Take the 2-minute tour ×
Server Fault is a question and answer site for professional system and network administrators. It's 100% free, no registration required.

I have an nginx / gunicorn / django setup as follows:

Nginx

server {
    listen 80;
    server_name myserver.com;

    root /www/python/apps/pyapp/;

    access_log /var/log/nginx/myserver.com.access.log;
    error_log /var/log/nginx/myserver.com.error.log;


    location / {
        proxy_pass_header Server;
        proxy_set_header Host $http_host;
        proxy_redirect off;
        proxy_set_header X-Real-IP $remote_addr;
        proxy_set_header X-Scheme $scheme;
        proxy_connect_timeout 10;
        proxy_read_timeout 10;
        proxy_pass http://localhost:8081/;
    }
}

My upstart script for gunicorn

description "pyapp"
start on [2345]
stop on [06]

respawn

# start from virtualenv path
chdir /www/python/apps/pyapp/
exec /usr/bin/gunicorn  -w 11 -b 0.0.0.0:8081 --error-logfile=/var/log/nginx/pyapp.log wsgi:application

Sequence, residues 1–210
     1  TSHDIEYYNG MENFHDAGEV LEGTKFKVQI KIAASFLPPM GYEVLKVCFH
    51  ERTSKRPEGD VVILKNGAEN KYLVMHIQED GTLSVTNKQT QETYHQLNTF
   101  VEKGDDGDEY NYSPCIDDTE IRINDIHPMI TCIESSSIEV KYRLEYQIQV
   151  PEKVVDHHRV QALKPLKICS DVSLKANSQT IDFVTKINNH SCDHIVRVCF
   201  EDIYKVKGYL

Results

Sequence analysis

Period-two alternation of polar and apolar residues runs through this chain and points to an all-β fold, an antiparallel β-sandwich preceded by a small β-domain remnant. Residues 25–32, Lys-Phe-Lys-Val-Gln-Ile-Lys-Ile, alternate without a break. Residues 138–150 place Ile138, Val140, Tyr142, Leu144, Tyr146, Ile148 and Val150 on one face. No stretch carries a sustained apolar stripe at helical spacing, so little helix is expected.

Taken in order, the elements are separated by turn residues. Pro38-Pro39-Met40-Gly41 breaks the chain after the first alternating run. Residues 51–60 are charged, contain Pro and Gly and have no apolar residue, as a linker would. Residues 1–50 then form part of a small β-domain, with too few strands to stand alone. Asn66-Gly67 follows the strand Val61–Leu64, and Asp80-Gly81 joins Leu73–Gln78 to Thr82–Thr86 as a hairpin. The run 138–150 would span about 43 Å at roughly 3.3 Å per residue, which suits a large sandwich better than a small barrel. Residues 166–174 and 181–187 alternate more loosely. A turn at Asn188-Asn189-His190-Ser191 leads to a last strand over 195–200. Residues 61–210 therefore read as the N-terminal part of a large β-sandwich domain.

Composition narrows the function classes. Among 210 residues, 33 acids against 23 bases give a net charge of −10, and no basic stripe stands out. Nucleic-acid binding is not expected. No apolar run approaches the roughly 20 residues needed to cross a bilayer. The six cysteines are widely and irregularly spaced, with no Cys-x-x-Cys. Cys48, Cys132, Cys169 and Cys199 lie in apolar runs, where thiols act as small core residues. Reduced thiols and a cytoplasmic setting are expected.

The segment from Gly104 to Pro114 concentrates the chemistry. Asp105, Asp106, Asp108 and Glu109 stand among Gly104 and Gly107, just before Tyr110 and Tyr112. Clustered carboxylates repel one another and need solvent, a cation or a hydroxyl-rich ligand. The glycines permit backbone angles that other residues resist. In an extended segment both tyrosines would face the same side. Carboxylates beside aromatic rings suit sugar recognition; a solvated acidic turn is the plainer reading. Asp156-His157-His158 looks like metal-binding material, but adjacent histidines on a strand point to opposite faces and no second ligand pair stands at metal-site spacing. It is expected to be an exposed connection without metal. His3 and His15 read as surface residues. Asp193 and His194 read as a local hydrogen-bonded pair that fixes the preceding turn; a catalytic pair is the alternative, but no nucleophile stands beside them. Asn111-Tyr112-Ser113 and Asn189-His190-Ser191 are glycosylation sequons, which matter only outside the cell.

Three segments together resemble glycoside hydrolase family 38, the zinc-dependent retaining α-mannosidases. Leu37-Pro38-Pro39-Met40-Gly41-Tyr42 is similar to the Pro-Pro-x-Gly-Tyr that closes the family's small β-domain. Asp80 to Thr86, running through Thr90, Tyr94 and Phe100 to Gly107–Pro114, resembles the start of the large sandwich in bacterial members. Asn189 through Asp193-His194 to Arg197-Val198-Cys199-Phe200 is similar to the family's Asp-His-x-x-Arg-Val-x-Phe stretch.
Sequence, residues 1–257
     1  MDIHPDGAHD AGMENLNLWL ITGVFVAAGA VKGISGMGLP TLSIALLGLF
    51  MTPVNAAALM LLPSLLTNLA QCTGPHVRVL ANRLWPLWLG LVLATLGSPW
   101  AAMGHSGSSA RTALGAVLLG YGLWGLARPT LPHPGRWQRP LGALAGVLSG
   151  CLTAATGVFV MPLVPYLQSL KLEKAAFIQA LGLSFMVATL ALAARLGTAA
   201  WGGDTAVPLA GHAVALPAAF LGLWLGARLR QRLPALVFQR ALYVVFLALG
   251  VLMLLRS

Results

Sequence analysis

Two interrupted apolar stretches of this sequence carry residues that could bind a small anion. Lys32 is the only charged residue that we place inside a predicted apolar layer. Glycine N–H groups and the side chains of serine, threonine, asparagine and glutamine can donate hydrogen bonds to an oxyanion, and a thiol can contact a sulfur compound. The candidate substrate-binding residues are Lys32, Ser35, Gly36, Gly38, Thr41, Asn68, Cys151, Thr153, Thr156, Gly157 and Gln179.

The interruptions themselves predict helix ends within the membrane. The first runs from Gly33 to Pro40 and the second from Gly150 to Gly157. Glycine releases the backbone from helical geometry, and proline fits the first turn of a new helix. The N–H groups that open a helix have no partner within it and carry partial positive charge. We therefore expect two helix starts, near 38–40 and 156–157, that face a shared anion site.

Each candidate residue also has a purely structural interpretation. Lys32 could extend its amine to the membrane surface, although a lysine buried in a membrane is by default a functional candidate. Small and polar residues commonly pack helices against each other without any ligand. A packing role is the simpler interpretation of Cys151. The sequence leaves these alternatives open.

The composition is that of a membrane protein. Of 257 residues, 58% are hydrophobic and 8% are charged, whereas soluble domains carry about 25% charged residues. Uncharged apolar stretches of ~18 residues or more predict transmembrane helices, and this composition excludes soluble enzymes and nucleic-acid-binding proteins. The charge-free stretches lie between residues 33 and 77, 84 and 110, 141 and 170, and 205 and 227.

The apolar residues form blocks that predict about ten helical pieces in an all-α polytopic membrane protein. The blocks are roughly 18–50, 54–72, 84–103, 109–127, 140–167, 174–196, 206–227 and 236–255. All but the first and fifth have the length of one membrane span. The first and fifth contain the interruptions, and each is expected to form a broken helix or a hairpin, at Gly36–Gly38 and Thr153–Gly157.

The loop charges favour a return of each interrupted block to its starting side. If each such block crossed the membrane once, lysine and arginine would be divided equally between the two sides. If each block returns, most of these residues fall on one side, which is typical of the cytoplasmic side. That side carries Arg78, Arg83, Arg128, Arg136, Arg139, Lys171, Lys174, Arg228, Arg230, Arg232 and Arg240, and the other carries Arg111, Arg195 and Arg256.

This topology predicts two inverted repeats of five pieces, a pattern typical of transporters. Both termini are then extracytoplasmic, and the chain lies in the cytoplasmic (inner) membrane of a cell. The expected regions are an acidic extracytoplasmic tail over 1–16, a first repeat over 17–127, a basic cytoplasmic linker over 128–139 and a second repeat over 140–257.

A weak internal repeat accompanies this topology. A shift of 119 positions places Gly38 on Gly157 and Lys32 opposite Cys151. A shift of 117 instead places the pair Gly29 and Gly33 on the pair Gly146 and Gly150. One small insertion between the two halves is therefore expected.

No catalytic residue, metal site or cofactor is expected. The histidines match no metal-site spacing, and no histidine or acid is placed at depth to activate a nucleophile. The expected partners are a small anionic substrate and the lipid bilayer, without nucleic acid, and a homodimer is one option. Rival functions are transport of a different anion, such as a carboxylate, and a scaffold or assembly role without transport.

The server is running fine, requests are getting responded to pretty well. However, when i start directing traffic to this setup from my old server, pages start giving 504 gateway timeout errors.

What the requests are doing is only a matter of fetching data from DB and rendering using django-rest-framework. Looking at MySQL processlist, there doesn't seem to be any stuck queries there. This is kinda weird.

Any recommendations?

share|improve this question

1 Answer 1

First you could try how your backend (django/gunicorn) performs without nginx in front. ab (apache benchmark) is a simple tool for this task.

You can run it directly from the server, or if your 8081 port is not firewalled from any machine:

ab -c 50 -n 500 http://localhost/path-xyz/

(ab is available through the apache2-utils package, at least on Debian-based systems) the -c stands for 'concurrency', the -n for number of requests.

If the backend is the bottleneck, and you're using nginx anyway - it could be an option to do some caching (don't know your application, but maybe...). If your API exposes data that changes often you could set the cache time really short. (1 to 10 seconds) - so if you have e.g. 100 requests per second, only one of those has to hit the backend, the others will get the cached response.

For nginx proxy/cache see e.g. here.

share|improve this answer

Your Answer

 
discard

By posting your answer, you agree to the privacy policy and terms of service.

Not the answer you're looking for? Browse other questions tagged or ask your own question.